Starbucks Coffee has a mission statement and vision statement that reflects the emphasis the company puts on leadership in the coffee shop industry. The company's mission statement serves as a basis to what the company wants to achieve at the core of its business. On the other hand, Starbucks' vision statement indicates what the company wishes to achieve in the future. In regards to its mission statement and vision statement, Starbucks Coffee guides employees and shows customers what its business is all about.
Starbucks Coffee's website reveals that the company's vision statement is “to establish Starbucks as the premier purveyor of the finest coffee in the world while maintaining our uncompromising principles while we grow.” Starbucks puts emphasis on achieving leadership in providing its services and products, especially quality coffee. The company has already achieved its goal as the premier purveyor as it is now considered the largest coffee and coffee shop company in the world. The quality of Starbucks' coffee is superior compared to many competitors, however it is not yet the finest coffee in the world as mentioned in the vision statement. Other coffee shop chains such as McDonald's and Dunkin Donuts may have better coffee than Starbucks in some aspects. Nonetheless, the company continues to expand globally as Starbucks Coffee currently has more than 26,500 stores around the world.
Also found in its website, Starbucks' mission statement is “to inspire and nurture the human spirit – one person, one cup and one neighborhood at a time.” Such a mission statement reflects the methods the company uses to keep its business running. Starbucks places great importance in inspiring and nurturing its employees, as well as its customers. Even after becoming the biggest coffeeshop company in the world, Starbucks maintains a small company culture, emphasising a positive and friendly relationship among its employees and customers.
Starbucks' strategy differs from most other organizations that tend to view culture and strategy as two different concepts. The coffee shop chain positions itself not only as a coffee seller but also as an experience provider. If you walk into a Starbucks anywhere in the world, you will find a cozy and welcoming environment which makes customers feel comfortable and invites them to hang around. Starbucks has a strong positive culture because it is closely linked to the company's distinctive potential and strategy. Over the years, Starbucks Coffee has encouraged a relationship-oriented, employees-first approach, that encourages its workers to create close bonds with each other and enjoy their work. Starbucks employees understand how their work is linked to a common purpose and how they can accomplish great things by working in harmony. The company also understands the importance of diversity and inclusivity. Starbucks works with a staff of diverse backgrounds in order to provide a welcoming environment for its customers of diverse backgrounds as well.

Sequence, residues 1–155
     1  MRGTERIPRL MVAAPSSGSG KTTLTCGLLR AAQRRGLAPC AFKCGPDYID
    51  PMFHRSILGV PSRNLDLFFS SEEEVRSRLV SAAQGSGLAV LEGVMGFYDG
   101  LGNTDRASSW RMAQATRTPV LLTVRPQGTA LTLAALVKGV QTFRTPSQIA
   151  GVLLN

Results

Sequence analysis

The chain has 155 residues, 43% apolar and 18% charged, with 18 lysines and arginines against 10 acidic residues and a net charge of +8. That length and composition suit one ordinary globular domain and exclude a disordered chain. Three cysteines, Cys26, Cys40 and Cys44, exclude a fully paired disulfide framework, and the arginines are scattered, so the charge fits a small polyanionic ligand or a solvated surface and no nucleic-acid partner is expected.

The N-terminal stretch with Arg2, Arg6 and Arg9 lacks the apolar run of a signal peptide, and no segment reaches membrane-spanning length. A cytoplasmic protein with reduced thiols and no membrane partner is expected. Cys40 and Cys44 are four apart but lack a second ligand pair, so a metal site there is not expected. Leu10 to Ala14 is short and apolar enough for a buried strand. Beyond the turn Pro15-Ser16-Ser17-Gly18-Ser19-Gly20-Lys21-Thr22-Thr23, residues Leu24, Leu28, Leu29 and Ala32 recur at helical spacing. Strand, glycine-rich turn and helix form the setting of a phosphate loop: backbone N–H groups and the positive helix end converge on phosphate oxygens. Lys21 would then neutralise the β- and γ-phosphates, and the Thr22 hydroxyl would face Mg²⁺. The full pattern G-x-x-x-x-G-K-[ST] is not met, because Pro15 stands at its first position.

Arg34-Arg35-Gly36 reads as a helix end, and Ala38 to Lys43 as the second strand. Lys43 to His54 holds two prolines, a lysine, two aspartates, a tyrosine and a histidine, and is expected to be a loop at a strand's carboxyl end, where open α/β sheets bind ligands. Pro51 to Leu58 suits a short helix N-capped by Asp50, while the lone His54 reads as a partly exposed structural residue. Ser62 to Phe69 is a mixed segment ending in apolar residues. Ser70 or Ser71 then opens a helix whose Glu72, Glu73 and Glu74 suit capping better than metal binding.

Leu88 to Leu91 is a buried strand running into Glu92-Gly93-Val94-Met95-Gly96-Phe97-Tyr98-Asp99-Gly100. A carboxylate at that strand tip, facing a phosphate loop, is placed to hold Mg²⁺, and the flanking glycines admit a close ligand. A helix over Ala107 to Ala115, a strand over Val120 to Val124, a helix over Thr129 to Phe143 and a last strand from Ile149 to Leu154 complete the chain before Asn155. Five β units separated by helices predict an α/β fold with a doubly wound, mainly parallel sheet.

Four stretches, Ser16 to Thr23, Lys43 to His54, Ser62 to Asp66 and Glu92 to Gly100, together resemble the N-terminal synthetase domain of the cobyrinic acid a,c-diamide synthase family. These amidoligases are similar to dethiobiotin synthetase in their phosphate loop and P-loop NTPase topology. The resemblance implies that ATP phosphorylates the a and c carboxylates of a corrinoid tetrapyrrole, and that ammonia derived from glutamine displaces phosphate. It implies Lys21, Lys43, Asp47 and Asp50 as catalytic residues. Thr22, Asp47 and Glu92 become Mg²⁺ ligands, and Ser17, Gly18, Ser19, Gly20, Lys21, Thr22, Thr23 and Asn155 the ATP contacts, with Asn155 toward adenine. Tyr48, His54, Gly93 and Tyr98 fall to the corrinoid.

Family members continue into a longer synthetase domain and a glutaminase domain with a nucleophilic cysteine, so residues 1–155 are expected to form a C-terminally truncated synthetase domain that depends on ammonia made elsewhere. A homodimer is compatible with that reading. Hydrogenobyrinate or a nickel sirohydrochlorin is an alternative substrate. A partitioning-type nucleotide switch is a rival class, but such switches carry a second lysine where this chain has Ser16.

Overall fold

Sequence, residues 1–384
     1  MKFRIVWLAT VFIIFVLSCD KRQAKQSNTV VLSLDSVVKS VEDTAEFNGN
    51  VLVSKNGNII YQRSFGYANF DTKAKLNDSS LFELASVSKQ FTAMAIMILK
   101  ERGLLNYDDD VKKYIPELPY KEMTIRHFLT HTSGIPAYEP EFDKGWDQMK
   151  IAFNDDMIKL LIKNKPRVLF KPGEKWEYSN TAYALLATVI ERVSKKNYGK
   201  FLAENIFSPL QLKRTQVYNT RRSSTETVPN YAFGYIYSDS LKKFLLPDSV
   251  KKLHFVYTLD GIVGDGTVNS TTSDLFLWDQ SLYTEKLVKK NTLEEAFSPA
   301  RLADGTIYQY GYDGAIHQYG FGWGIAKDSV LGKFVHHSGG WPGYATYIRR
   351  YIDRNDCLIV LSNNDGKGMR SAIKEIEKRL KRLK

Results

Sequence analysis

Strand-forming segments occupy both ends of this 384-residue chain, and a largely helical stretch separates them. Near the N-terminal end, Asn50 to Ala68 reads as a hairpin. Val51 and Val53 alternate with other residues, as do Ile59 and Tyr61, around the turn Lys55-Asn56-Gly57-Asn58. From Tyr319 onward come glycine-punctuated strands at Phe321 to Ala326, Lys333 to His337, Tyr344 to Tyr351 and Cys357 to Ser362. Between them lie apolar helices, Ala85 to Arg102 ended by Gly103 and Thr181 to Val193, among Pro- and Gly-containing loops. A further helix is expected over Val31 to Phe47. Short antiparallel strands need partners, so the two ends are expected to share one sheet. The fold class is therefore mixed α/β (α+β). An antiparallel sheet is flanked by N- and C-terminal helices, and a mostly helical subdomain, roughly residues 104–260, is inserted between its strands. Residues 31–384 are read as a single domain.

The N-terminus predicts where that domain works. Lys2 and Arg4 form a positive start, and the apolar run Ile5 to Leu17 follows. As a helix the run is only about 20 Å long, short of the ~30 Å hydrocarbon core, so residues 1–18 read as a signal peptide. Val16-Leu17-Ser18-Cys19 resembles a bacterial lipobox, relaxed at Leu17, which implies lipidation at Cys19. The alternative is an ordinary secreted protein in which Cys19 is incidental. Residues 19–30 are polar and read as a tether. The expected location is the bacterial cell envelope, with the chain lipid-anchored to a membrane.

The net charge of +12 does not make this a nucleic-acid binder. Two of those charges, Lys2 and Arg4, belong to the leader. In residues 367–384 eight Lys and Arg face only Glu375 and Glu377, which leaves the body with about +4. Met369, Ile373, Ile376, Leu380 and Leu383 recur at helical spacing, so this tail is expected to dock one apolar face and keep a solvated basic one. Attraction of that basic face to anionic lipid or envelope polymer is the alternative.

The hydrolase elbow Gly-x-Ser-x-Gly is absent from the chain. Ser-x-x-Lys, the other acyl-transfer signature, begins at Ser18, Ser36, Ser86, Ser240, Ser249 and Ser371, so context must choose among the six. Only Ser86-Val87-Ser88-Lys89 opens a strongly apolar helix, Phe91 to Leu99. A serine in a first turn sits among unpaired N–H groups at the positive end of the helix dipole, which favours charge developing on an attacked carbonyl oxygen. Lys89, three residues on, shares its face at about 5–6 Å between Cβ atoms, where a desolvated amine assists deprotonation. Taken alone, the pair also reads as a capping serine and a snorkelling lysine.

Starbucks Coffee's stakeholder management approaches are based on corporate social responsibility movements. The main stakeholders in Starbucks Coffee business are employees, customers, suppliers, environments, investors, and governments. The company needs to account for the interests and demands of all its stakeholders in order to maintain a strong corporate image, valuable for its business. Starbucks prioritizes its employees, who typically demand for better work conditions, higher wages and job security. It also prioritizes customers in its corporate social responsibility efforts, who are mostly interested in high quality products and service.
Starbucks is a multinational enterprise that has a significant foothold in every continent. As a result, its organizational structure is quite complex. Like many companies its size, Starbucks has a large board of directors. However, in a slightly more unusual organizational choice, the Board has three different committees, all with committee chairpersons who report to the chairperson of the board. These committees are the Audit and Compliance Committee, chaired by Mellody Hobson, the Compensation and Management Development Committee, chaired by Myron E. Ullman, and the Nominating and Corporate Governance Committee, chaired by Craig Weatherup. By separating the board this way, it allows individual board members to be more personally involved in the everyday running of the company, and it is almost a necessity for a multinational enterprise like Starbucks.
Starbucks uses a hybrid structure with departments headed by Executive Vice Presidents who report to the CEO, Howard Schultz. These EVPs are reported to by Senior Vice Presidents, who have much more specific duties. The organizational chart is divided both geographically and functionally. Some of the sections of the company are far more independent, owing to either their geographic circumstances or the specificity of their departments. For example, the Asia Pacific region has a President, Mark Ring, and under him, there are CEOs of specific countries - Leo Tsoi for China and Takafumi Minaguchi for Japan being the two most major. However, there are also managers at the same level as Mark Ring that are not geographic, but functionally separated. Marketing and Human Resources, for example, both have executives on the President level. In the photo below, taken from Starbucks' internal presentation on corporate organization, the larger positions are outlined.
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